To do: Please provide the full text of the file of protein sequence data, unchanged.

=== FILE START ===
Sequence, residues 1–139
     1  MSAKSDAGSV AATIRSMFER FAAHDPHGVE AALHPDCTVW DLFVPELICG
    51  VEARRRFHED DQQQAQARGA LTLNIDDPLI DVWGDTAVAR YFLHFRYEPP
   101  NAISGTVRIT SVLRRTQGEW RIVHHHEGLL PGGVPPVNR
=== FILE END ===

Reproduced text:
Sequence, residues 1–139
     1  MSAKSDAGSV AATIRSMFER FAAHDPHGVE AALHPDCTVW DLFVPELICG
    51  VEARRRFHED DQQQAQARGA LTLNIDDPLI DVWGDTAVAR YFLHFRYEPP
   101  NAISGTVRIT SVLRRTQGEW RIVHHHEGLL PGGVPPVNR